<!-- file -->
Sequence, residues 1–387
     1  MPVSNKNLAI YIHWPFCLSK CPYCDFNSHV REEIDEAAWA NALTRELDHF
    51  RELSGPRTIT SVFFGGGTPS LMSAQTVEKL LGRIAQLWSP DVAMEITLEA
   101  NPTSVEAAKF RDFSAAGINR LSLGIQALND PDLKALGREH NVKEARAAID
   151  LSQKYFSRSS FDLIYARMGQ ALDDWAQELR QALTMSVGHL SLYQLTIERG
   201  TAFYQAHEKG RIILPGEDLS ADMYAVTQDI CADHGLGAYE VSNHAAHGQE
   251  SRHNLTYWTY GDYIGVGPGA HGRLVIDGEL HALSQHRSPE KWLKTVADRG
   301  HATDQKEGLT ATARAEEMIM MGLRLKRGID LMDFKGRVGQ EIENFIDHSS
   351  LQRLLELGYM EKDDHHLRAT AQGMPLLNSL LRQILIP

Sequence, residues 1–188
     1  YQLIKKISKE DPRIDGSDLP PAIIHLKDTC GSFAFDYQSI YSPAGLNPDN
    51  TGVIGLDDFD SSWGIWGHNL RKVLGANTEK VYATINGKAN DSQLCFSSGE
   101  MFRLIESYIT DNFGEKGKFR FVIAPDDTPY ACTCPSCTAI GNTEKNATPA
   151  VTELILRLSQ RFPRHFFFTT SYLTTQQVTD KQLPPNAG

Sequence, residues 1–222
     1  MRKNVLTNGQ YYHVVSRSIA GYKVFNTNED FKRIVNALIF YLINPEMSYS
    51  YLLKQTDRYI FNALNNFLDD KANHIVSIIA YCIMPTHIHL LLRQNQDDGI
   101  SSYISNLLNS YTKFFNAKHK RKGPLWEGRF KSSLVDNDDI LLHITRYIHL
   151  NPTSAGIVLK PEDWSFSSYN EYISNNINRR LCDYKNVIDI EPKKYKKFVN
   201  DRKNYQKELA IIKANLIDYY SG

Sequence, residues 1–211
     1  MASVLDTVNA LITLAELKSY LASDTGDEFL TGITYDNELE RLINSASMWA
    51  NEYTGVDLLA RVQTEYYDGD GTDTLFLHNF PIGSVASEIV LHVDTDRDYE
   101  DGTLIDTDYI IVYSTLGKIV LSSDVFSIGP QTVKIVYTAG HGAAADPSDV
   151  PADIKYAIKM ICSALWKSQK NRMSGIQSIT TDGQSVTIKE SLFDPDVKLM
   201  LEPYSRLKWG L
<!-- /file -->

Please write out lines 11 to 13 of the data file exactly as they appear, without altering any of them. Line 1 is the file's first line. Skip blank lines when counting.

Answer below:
     1  YQLIKKISKE DPRIDGSDLP PAIIHLKDTC GSFAFDYQSI YSPAGLNPDN
    51  TGVIGLDDFD SSWGIWGHNL RKVLGANTEK VYATINGKAN DSQLCFSSGE
   101  MFRLIESYIT DNFGEKGKFR FVIAPDDTPY ACTCPSCTAI GNTEKNATPA